Gottfried era ends with NC States first-round bounce in 2017 ACC Tournament

NC State ousted in first round for first time under Gottfried in his final game with the Wolfpack

Brad Penner—USA Today Sports
NC State Wolfpack head coach Mark Gottfried coaches against Clemson Tigers during the first half of an ACC Conference Tournament game at Barclays Center.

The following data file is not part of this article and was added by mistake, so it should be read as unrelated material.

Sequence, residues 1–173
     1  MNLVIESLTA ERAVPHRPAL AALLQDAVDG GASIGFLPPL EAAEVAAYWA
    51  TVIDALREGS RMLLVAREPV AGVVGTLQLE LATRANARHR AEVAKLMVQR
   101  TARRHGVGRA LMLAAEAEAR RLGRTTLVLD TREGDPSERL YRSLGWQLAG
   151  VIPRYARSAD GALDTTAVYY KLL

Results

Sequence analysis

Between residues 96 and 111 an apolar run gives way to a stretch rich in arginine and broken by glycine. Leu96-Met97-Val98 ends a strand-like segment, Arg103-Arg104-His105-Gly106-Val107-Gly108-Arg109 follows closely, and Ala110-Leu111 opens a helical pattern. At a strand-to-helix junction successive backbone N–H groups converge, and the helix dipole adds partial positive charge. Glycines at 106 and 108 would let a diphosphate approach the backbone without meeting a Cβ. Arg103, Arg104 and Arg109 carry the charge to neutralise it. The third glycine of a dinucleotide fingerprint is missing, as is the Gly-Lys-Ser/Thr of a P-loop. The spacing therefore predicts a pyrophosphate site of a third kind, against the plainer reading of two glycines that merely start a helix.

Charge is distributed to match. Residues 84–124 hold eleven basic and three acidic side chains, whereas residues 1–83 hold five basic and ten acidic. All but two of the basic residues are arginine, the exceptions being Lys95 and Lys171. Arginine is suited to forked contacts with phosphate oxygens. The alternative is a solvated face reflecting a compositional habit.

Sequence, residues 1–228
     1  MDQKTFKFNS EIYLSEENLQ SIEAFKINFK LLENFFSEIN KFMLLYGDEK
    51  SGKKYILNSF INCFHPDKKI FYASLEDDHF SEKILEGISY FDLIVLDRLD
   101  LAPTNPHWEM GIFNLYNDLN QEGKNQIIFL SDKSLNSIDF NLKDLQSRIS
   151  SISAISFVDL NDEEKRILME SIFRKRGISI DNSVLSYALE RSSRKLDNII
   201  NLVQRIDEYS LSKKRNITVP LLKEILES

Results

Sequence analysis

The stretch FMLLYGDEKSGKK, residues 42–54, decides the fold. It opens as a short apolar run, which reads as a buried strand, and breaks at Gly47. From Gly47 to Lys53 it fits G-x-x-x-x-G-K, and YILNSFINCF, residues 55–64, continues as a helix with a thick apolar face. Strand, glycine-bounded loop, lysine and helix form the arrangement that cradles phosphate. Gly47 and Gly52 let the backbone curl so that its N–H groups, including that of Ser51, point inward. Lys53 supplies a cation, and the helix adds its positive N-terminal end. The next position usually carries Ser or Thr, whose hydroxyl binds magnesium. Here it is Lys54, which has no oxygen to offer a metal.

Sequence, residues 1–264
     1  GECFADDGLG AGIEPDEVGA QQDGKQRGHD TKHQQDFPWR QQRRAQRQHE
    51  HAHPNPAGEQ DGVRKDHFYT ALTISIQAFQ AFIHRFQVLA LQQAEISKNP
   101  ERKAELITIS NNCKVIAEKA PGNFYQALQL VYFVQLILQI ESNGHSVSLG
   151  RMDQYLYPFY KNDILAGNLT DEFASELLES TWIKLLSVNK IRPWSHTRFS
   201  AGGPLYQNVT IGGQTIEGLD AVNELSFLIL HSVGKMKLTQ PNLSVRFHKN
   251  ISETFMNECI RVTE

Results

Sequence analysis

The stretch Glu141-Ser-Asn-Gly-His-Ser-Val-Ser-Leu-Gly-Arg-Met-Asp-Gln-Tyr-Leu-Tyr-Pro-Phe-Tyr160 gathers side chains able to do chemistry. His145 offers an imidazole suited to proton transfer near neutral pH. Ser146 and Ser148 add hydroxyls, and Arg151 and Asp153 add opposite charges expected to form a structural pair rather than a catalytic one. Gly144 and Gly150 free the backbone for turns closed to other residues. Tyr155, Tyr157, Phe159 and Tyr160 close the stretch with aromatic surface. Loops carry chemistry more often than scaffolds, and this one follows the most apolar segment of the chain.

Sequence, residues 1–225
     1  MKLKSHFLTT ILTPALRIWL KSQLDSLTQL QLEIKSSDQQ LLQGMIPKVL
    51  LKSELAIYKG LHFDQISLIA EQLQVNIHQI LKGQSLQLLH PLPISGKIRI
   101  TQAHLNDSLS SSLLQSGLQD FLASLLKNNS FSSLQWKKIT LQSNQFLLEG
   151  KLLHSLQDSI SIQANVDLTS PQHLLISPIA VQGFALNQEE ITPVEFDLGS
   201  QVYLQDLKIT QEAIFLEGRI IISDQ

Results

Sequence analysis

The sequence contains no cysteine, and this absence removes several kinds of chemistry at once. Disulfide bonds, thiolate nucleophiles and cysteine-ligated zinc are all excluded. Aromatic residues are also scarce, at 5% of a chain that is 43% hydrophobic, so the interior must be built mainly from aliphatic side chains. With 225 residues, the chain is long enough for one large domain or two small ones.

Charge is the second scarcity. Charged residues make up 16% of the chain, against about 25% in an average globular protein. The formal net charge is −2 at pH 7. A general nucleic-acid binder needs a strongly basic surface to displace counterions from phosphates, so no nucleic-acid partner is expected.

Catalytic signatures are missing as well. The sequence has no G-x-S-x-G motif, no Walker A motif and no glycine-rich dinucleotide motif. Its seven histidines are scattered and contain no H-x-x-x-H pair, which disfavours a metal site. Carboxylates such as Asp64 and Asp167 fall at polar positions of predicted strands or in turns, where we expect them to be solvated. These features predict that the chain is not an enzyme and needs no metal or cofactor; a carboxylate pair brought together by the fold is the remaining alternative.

BROOKLYN — NC State’s stay in Brooklyn is over, and so is the Mark Gottfried era in Raleigh.The 2017 ACC Tournament lasted just one game for the Wolfpack (15-17 overall, 4-15 ACC) with a 75-61 loss to Clemson (17-14, 7-12) in the Barclays Center. It marked the second straight loss to the Tigers in a six-day stretch after the Pack dropped its season finale in Clemson.”I loved coaching our guys,” Gottfried said in his final press conference. “We got caught this year. We were really young and playing against a really good conference league that just kind of the way if falls has a lot of veteran teams.”Gottfried’s tenure with the Wolfpack ended with one of the biggest collapses ever in Raleigh, concluding the season with losses in 10 of the final 11 games. That losing streak wrapped up a season that included the most losses to ACC opponents in the regular season (14) and overall (15) in NC State history.Despite the direction of the program in the final two seasons, losing in the opening round was not a common theme for the Wolfpack under Gottfried. In the first three seasons under Gott, the Pack went 2-1 in the ACC Tourney and went 1-1 in the last two years before heading to Brooklyn.In the last three years, those lone losses came against Duke — which would have been NC State’s next opponent.The loss was also NC State’s 17th of the season, finishing at 15-17. It marks the first time since the Les Robinson era (in 1991-94) that the Pack has finished with at least 17 losses in consecutive seasons after going 16-17 last year.Dennis Smith Jr., who finished with with seven points (3-for-12 shooting) and eight rebounds in his lone game in the ACC Tournament, shared his thoughts on the loss.”It was very deflating,” Smith said. “It was just rough for everybody. Nobody wanted it to end like this. We had high hopes coming into it, but it’s been a rough year. … I was an NC State fan before I got here. I’m still a fan. I believe they can be really good in the future.”So how would he summarize his freshman season in Raleigh in three words?”Fun and family, but unfortunate,” Smith said. “I wanted so much more.”While he wouldn’t say whether he would declare for the draft, it already seems like a given that Tuesday was his final appearance in the red and white.Pointing out the negatives is easy with this year’s team, but there are plenty of positives moving forward.If they decide to return, both Markell Johnson and Ted Kapita have the look of centerpiece players for the Wolfpack’s next head coach. The two freshmen showed growth throughout the season and, while Johnson was unable to play Tuesday with a knee injury, bringing high energy and effort to NC State.Torin Dorn is another part of that equation. While his play tapered off near the end in the ACC, he was another key part of starting out the season strong in the non-conference portion. The rising junior spoke with confidence about returning to NC State next year and where the program is heading into the offseason.”I think the future’s bright,” Dorn said. “We get a fresh start and that’s all you can ask for in life is chances. We’re going to have another chance to lace it up next year. All of the guys that are coming back are going to have a positive attitude, meet the new coach and get ready to roll. We just want to turn the page.”Gottfried didn’t end his tenure on a positive note, but can still rest his hat on where he led the program in the first four years. After months of a positive attitude about his six years in Raleigh and optimism about the end of the year, Gottfried left with a parting shot before heading home from Brooklyn.”NC State’s a wonderful place,” Gottfried said. “Different than every other job in this league. You look around at all these banners right here, all these other schools. Nobody else is compared daily the way our guys and our program is to North Carolina and Duke. They’re just not.”I think it says the fact that in six years, four [NCAA] Tournaments, two Sweet 16s, two years they missed the tournament — they’re hunting for a new coach. Not sure that’s happening at about 50 or 60 percent of the rest of the league, quite honestly. So in that regard, I’ve said it many times: Tough neighborhood.”